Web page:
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Tenor   /tˈɛnər/   Listen
Tenor

noun
1.
The adult male singing voice above baritone.  Synonym: tenor voice.
2.
The pitch range of the highest male voice.
3.
An adult male with a tenor voice.
4.
A settled or prevailing or habitual course of a person's life.
5.
The general meaning or substance of an utterance.  Synonym: strain.



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"Tenor" Quotes from Famous Books



... bowels, to let a poor Christian cretur perish for want o' help! That's with 'em, that's the way! No one cares for I now,—no one has respect for the gray 'airs of the old!" And then the voice dwindled into the whimpering "tenor ...
— Paul Clifford, Complete • Edward Bulwer-Lytton

... sense. That is the best thing about him,—he is well-balanced, in spite of his tendency to theories. When I show him that a thing is quixotic he laughs, shrugs his shoulders, and good-naturedly goes on in the even tenor of his way. It was the luckiest thing in the world for him when he married me, for I soon learned his weak points, and have ever guarded him against them. As a result he has had a quiet, prosperous career. If he wishes to serve the government ...
— An Original Belle • E. P. Roe

... which reported the brig Pilgrim at San Francisco, all well. Everything was as quiet here as usual. We discharged our hides, horns, and tallow, and were ready to sail again on the following Sunday. I went ashore to my old quarters, and found the gang at the hide-house going on in the even tenor of their way, and spent an hour or two, after dark, at the oven, taking a whiff with my old Kanaka friends, who really seemed glad to see me again, and saluted me as the Aikane of the Kanakas. I was grieved to find that my poor ...
— Two Years Before the Mast • Richard Henry Dana

... the previous evening, had been obliged to go to town, and unfortunately had not yet returned, so they would be without his services that night. There was some disappointment; he had a charming tenor voice, my neighbor told me. The full troupe numbered six, described on the program as Brothers Pluto, Pompey, and Pythagoras, and Sisters Psyche, Pomona, and Penelope; that night, of course, they were only five, but ...
— The Master Detective - Being Some Further Investigations of Christopher Quarles • Percy James Brebner

... opened their ranks right heartily, and took him in. He sat on the terrace in the moonlight with them afterwards, joking, telling them stories, and eating chocolates with the rest. When they gathered about the piano for a sing, he joined in with a good old tenor, surprising them all by knowing a lot of the songs ...
— Cloudy Jewel • Grace Livingston Hill

... an account of their actions: and that last Friday, it seems, there was an Act of Council passed, to put out all Papists in office, and to keep out any from coming in. I went to the King's Chapel to the closet, and there I hear Cresset sing a tenor part along with the Church musick very handsomely, but so loud that people did laugh at him, as a thing done for ostentation. Here I met Sir G. Downing, who would speak with me, and first to inquire what I paid for my kid's leather ...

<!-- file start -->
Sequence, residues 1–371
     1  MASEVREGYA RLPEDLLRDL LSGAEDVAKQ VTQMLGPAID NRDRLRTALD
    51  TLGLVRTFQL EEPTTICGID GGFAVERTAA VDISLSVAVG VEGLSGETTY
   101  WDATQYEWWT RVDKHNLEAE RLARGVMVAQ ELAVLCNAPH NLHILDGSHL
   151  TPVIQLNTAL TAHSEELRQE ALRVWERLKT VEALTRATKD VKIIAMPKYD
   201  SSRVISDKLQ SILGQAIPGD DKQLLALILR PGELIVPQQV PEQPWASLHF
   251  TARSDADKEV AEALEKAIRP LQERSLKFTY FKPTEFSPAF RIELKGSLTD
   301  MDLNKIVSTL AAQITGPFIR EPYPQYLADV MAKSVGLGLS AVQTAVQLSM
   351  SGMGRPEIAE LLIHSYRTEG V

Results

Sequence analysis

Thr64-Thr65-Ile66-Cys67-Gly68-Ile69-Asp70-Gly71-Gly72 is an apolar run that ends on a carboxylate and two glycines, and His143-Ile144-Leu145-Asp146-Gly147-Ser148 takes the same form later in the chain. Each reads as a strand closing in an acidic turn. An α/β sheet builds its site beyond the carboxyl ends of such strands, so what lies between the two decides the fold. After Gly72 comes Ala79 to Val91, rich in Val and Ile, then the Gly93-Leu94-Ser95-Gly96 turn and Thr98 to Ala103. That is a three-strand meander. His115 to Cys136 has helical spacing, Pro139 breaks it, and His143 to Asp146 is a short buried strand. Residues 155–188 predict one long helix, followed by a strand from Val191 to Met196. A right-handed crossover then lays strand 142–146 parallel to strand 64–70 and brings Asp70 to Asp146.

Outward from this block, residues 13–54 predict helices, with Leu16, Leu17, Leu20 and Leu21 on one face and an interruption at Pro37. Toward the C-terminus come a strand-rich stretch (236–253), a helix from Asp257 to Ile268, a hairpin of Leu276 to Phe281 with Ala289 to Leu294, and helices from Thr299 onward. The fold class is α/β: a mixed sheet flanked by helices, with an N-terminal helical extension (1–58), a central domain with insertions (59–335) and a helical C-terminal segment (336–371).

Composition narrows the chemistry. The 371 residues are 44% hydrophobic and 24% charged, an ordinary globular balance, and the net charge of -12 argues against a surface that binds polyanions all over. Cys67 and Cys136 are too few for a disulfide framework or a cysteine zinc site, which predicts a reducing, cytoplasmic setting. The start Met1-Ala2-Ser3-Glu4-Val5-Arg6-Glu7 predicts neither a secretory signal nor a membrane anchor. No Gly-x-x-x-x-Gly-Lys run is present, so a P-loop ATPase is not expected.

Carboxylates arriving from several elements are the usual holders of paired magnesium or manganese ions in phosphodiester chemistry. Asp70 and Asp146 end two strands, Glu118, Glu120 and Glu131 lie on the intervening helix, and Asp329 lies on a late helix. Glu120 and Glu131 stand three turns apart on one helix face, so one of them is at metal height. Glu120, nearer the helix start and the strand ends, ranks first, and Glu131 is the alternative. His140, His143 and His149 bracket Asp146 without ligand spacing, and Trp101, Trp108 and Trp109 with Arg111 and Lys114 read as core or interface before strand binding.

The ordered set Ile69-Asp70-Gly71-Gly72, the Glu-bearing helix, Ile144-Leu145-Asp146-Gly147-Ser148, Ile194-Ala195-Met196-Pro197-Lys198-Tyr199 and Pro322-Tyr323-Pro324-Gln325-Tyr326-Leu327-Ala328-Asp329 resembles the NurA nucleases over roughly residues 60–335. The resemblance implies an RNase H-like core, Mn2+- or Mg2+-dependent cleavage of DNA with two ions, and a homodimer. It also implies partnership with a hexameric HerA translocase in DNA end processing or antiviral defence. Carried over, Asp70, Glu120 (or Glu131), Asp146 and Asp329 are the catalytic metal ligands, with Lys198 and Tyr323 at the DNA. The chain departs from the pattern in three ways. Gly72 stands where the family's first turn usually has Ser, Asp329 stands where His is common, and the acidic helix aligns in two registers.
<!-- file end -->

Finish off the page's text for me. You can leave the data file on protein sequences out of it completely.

— Diary of Samuel Pepys, Complete • Samuel Pepys

... and swirled into the 'bus, resting awhile on the passengers' willing shoulders before disappearing again. Also the passengers on the Baker Street stretch sang part-songs, all the way down to Selfridge's. The conductor turned out to have rather a pleasing tenor voice. ...
— Living Alone • Stella Benson

... organist. The rest are volunteers, or rather, I should say, have been pressed into the service. We are supposed to have two sopranos and two altos; but in effect it happens sometimes that neither of a pair will appear, each expecting the other to be on duty. The tenor, Mr. Hubber, who is an elderly man without any voice to speak of, but a very devout and faithful churchman, is to be depended upon to the extent of his abilities; but Mr. Little, the bass—well," observed Mr. Euston, "the less said ...
— David Harum - A Story of American Life • Edward Noyes Westcott

... voice differs from a man's not only in pitch but in timbre; its quality suggests the sex. There is great scope for variety, from the lowest contralto to the highest soprano, as there is in man's from the lowest bass to the highest tenor; a variety so great that voices differ as much as faces and can be instantly recognized; but unless it has the proper sexual quality a voice affects us disagreeably. A coarse, harsh voice has marred many a girl's best marriage ...
— Primitive Love and Love-Stories • Henry Theophilus Finck

... indifference of his wife to his protestations of affection, and began to have jealous suspicions, wondering whether Sigurd had honestly told the true story of the wooing, and fearing lest he had taken advantage of his position to win Brunhild's love. Sigurd alone continued the even tenor of his way, striving against none but tyrants and oppressors, and cheering all by his kindly ...
— Myths of the Norsemen - From the Eddas and Sagas • H. A. Guerber

... and earnest doctrinaire; a public-spirited, patriotic citizen, well known and highly esteemed, who had made fame and fortune at the bar and had always been interested in public affairs. He was a dreamer with a genius for business, a philosopher yet an organizer. He pursued the tenor of his ...
— Marse Henry, Complete - An Autobiography • Henry Watterson